Three Dudes in a Brew Pub
“IBM” Can Happen Again
The following is one part of a multi-part series chronicling Donovan Wheeler’s conversation with two men running for local offices in Greencastle, Indiana. They are Democrats in that Midwestern swath of red which often and easily goes to the other team. So easily that, this year, the other team didn’t even show up for the debates. In part one, Russell Harvey (running for Greencastle Township Trustee) and Matt Cummings (running for Putnam County’s 3rd District seat on the county council) talk about what’s at stake, right here on the streets of their community.
by Donovan WheelerFor one minute Matt Cummings would like everyone to pull their eyes away from Fox News. Instead of watching every step made by the thousands of Hondurans fleeing poverty and violence as they snake their way through Mexico… Rather than re-hash and hyper-analyze yet another pundit’s breakdown of “what went wrong” during the Brett Kavanagh confirmation hearings… Matt Cummings would like to take you to Greencastle, Indiana. He especially wants everyone to hop into his time machine, which he’s set to the “mid-ish 1980’s.” That’s when one of the nation’s foremost corporate behemoths announced—suddenly—that they were shutting down operations. In the span of a single “Carrier-esque” short meeting, the city lost nearly a thousand upper-income jobs.
“We need elected officials who foresee the next IBM closure,” he says. “And that’s what you have on today’s Democratic ticket—people who see this and want to prepare the community for it through the means of workforce development funding.”
Cummings wraps his fingers around the slender glass holding his pale ale with all the bravado of a small town Hoosier. He is the reason that stereotypes are stupid. Educated in Pennsylvania, he could easily amble to the stage of a downtown Philadelphia nightclub wearing his bass guitar over a tweed blazer and a pair of chinos. But raised in the weeds next to tiny Bloomfield in Greene County, Indiana he’s also the sort of dude who can just as casually replace the water pump on a ’76 Explorer—his white undershirt scoured with grease and a half-warm Pabst waiting for him on a nearby cinderblock.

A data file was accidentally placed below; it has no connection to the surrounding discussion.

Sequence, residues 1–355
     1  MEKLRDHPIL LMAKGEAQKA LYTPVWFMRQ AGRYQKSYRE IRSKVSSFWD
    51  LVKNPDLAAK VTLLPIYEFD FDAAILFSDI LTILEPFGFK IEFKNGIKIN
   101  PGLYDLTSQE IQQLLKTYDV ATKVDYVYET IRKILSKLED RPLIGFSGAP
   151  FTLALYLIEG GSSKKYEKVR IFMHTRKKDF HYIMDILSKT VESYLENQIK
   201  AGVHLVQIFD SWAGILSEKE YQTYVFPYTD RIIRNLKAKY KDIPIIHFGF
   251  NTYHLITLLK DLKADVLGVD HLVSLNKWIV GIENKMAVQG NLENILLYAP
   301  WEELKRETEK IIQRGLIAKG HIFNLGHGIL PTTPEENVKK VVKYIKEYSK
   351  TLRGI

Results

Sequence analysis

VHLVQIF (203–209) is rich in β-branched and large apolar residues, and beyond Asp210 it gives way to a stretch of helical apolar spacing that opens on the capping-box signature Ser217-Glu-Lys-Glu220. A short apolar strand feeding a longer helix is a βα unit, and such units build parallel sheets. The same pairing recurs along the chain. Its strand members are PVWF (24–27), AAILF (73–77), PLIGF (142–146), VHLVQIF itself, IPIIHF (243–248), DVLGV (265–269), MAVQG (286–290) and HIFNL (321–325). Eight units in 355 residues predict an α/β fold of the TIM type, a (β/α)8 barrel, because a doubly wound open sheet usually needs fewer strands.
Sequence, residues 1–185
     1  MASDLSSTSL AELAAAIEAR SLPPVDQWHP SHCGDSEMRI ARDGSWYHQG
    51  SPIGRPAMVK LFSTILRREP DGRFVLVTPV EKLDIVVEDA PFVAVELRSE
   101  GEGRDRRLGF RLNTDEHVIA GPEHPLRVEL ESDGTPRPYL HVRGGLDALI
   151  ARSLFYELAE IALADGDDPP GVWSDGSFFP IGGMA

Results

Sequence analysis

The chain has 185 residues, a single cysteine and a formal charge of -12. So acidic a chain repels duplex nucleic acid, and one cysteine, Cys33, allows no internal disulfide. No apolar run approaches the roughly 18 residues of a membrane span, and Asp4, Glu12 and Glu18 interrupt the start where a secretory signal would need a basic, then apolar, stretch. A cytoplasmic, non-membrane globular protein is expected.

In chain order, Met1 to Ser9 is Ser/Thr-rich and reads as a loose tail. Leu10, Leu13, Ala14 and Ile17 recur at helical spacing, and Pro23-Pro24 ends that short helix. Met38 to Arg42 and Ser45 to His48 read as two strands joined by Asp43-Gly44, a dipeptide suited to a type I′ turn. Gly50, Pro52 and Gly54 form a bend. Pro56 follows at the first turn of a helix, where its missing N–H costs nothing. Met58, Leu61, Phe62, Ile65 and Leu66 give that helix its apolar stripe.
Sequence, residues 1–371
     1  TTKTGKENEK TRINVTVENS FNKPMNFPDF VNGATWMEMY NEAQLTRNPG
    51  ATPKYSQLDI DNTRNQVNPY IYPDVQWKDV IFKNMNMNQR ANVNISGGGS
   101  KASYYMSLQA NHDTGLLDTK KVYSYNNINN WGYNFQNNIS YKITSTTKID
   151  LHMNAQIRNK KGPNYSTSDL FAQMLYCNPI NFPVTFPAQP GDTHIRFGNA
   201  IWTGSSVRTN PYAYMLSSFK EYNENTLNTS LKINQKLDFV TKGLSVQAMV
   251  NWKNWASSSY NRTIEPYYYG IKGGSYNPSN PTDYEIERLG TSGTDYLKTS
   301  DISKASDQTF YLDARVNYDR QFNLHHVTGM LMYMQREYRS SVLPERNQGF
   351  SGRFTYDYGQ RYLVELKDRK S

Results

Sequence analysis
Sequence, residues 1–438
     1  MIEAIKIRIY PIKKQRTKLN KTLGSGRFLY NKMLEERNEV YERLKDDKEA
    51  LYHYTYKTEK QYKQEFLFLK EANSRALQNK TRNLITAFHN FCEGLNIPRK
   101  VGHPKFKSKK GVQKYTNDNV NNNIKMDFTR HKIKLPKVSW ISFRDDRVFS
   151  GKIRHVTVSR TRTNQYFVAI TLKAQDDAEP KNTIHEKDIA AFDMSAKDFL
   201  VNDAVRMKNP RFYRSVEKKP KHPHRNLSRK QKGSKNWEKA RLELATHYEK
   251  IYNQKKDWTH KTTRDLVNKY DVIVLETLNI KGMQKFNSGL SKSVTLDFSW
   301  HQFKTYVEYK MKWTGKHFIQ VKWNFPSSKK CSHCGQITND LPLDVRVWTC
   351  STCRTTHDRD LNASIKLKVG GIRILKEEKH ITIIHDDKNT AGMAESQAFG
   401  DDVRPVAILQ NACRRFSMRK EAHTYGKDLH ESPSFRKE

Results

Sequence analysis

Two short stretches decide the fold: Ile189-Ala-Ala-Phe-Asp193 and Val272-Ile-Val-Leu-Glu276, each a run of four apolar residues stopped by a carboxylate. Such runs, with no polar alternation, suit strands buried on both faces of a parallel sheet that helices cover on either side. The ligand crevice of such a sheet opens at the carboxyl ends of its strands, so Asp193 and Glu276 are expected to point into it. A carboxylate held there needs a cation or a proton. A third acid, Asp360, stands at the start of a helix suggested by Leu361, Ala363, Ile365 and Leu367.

Around the corner of the table, Harvey gently rolls his fingertips along the sides of his Belgian stout. The father of two grown daughters, he sits patiently while Cummings lays out what’s at stake for this part of the Midwest. When Harvey agrees with his cohort, he nods…his eyes looking off to some thought beyond the surface of the table. When Cummings shifts from strident urgency to a full-on, smartass-level rant, Harvey slips a wry grin. When his turn comes, he’ll speak. For now, Cummings is lighting up the room. No need shut that down quite yet.
“There are people with access to income looking for a place to live. And where are they looking? They’re coming to Greencastle.”
“My background is in Urban Theory as an undergrad and graduate student,” Cummings explains. “I studied city and community development. I would consider myself to be an amateur urban theorist, but it is still something I’ve studied a great deal. And there’s a few things we’ve got to think about in the context of Putnam County.”
“One is the population explosion in Indy. Think of a target… Indy’s the bullseye. Hendricks County is the next circle around the bullseye, and Putnam County is the third circle. The bullseye is full. Housing is full. There are jobs there, but not many places for people to live. Eventually, Hendricks County is full. Putnam County…? Not full. That means there are people with access to income looking for a place to live. And where are they looking? Are they looking to Fishers, Carmel, Martinsville, Monrovia…? In the next five years those markets are going to be maxed out.”